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TITLE:  Comparison of multilocus sequence typing, pulsed-field gel electrophoresis, and antimicrobial susceptibility typing for characterization of Salmonella enterica serotype Newport isolates
AUTHORS:  Harbottle H;White DG;McDermott PF;Walker RD;Zhao S;
YEAR:  2006
JOURNAL ABBREV:  J Clin Microbiol
JOURNAL FULL:  Journal of clinical microbiology
END PAGE:  2457
KEYWORDS:  Ampicillin;Animals;Anti-Bacterial Agents;Bacterial Typing Techniques;Cattle;chemistry;Chickens;classification;Deoxyribonucleases,Type II Site-Specific;Dna;DNA Fingerprinting;DNA,Bacterial;drug effects;Drug Resistance,Multiple,Bacterial;Electrophoresis,Gel,Pulsed-Field;Food;Food Microbiology;Genes,Bacterial;genetics;Humans;isolation & purification;Kanamycin;Meat Products;Microbial Sensitivity Tests;microbiology;pharmacology;Phenotype;Polymorphism,Restriction Fragment Length;Public Health;Research;Salmonella;Salmonella enterica;Salmonella Infections;Salmonella Infections,Animal;Sequence Analysis,DNA;Serotyping;Streptomycin;Sulfamethoxazole;Swine;Tetracycline;Turkeys;United States;veterinary;Veterinary Medicine;
ABSTRACT:  In the United States, multidrug-resistant phenotypes of Salmonella enterica serotype Newport (commonly referred to as MDR-AmpC) have emerged in animals and humans and have become a major public health problem. Although pulsed-field gel electrophoresis (PFGE) is the current 'gold standard' typing method for Salmonella, multilocus sequence typing (MLST) may be more relevant to investigations exploring evolutionary and population biology relationships. In this study, 81 Salmonella enterica serotype Newport isolates from humans, food animals, and retail foods were examined for antimicrobial susceptibility and characterized using PFGE and MLST of seven genes, aroC, dnaN, hemD, hisD, purE, sucA, and thrA. Forty-nine percent of the isolates were resistant to nine or more of the tested antimicrobials. Salmonella isolates displayed resistance most often to sulfamethoxazole (57%), streptomycin (56%), tetracycline (56%), ampicillin (52%), and ceftiofur (49%) and, to a lesser extent, to kanamycin (19%), trimethoprim-sulfamethoxazole (17%), and gentamicin (11%). A total of 43 PFGE patterns were generated using XbaI, indicating a genetically diverse population. The largest PFGE cluster contained isolates from clinically ill swine, cattle, and humans. MLST resulted in 12 sequence types (STs), with one type encompassing 62% of the strains. Ten new sequence types and one novel allele type were identified. Furthermore, MLST typing showed that strains closely related by PFGE clustered in major STs, whereas more distantly related strains were separated into two clusters by PFGE. The results of this study demonstrated that the MLST scheme employed here clustered S. enterica serovar Newport isolates in distinct molecular populations, and strain discrimination was enhanced by combining PFGE, antimicrobial susceptibility, and MLST results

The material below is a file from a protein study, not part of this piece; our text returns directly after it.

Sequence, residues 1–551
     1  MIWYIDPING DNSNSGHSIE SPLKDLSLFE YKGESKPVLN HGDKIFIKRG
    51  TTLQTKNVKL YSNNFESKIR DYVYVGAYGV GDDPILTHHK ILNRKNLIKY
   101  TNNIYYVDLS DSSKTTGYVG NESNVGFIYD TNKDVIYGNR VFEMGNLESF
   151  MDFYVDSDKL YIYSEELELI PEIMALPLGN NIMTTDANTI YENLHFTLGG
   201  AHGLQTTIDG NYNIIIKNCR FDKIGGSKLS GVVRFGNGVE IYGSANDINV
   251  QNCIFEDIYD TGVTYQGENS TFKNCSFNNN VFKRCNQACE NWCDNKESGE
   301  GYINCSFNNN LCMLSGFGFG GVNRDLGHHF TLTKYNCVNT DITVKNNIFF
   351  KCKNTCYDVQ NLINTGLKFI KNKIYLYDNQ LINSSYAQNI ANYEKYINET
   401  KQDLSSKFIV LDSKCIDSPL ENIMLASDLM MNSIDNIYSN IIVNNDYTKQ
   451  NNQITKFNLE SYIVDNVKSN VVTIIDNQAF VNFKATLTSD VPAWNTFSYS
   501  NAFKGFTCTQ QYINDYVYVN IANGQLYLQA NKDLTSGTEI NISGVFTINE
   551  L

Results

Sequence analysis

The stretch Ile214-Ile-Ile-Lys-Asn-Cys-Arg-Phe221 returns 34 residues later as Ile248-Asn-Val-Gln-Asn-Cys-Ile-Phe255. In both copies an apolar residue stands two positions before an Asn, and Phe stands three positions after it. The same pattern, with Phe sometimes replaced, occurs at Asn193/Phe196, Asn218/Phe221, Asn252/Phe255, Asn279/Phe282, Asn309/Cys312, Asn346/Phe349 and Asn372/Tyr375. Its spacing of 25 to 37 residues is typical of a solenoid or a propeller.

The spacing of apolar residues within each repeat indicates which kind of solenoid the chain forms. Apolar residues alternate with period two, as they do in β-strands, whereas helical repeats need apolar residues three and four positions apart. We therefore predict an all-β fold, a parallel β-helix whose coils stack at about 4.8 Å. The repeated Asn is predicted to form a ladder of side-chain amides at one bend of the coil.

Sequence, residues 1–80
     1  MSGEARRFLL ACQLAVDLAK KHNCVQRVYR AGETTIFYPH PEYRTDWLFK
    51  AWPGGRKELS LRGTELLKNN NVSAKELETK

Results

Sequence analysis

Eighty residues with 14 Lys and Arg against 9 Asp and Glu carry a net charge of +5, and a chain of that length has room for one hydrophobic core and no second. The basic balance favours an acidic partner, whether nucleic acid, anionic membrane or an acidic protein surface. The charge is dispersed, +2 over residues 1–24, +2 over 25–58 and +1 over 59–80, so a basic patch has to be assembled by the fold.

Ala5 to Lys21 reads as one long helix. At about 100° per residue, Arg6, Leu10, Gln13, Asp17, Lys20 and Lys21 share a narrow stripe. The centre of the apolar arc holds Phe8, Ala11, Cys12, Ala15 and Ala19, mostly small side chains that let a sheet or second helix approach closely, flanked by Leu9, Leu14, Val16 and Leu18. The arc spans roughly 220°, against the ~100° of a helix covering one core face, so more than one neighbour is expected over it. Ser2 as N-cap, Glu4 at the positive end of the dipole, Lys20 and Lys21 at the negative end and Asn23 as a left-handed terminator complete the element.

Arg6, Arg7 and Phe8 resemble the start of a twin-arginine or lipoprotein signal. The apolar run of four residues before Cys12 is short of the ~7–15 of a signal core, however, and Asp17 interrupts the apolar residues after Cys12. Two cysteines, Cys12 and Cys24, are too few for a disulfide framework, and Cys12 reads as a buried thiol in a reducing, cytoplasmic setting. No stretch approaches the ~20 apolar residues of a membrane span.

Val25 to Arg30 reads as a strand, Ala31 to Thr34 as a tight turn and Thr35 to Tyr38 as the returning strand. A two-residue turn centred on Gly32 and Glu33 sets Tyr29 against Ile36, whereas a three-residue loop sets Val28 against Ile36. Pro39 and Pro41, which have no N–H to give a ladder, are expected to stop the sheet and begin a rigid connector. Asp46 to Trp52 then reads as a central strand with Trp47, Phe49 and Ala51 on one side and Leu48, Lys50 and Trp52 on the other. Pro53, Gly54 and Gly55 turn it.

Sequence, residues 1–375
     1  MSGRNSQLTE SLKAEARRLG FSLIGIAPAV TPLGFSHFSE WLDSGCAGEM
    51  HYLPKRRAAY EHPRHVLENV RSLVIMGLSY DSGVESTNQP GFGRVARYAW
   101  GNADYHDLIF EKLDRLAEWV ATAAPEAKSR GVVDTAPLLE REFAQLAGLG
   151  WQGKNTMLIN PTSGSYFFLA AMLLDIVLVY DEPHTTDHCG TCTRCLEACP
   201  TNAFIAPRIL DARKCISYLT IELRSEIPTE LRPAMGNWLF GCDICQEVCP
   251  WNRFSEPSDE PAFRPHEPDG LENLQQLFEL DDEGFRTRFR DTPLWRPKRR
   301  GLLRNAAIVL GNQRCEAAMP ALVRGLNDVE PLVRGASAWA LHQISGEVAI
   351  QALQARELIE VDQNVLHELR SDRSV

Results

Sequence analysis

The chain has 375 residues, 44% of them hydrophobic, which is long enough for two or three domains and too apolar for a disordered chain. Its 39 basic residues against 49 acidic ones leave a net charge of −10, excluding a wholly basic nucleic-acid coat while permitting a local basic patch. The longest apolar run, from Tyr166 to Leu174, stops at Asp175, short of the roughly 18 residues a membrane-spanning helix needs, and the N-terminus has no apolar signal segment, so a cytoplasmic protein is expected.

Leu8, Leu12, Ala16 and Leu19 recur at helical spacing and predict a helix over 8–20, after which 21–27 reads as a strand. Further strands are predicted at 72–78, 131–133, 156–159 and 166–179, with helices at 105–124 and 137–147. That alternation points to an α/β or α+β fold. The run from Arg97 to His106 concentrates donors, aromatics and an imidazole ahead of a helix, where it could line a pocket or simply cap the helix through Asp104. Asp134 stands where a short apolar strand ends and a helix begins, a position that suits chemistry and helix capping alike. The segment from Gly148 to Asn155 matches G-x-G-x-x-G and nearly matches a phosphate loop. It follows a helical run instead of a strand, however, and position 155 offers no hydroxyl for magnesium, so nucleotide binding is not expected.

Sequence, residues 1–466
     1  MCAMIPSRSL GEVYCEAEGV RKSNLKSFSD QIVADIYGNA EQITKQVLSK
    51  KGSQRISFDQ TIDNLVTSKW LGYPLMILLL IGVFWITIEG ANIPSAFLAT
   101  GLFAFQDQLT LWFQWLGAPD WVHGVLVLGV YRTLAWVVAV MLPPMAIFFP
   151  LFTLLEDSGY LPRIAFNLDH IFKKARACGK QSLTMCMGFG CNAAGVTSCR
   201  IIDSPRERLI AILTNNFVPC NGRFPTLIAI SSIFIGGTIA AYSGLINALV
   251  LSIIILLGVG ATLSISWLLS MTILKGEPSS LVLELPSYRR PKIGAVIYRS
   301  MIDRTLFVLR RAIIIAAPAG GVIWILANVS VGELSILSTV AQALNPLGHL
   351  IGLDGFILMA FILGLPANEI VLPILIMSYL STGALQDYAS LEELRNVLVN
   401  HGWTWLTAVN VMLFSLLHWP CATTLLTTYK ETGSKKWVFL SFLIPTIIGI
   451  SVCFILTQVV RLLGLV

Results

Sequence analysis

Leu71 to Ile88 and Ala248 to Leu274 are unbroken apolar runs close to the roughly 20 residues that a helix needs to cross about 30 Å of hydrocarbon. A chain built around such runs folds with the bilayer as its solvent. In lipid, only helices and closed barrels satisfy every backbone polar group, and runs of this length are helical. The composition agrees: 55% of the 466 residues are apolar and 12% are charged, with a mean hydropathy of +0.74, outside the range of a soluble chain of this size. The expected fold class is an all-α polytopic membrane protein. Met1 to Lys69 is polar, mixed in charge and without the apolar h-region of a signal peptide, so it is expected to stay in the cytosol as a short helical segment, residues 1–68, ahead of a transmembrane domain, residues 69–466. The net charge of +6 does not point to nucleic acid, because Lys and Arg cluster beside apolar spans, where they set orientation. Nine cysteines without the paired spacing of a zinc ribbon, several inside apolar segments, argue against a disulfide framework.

AFFILIATIONS:  Division of Animal and Food Microbiology, Office of Research, Center for Veterinary Medicine, U.S. Food and Drug Administration, 8401 Muirkirk Rd., Laurel, MD 20708, USA. heather.harbottle@fda.hhs.gov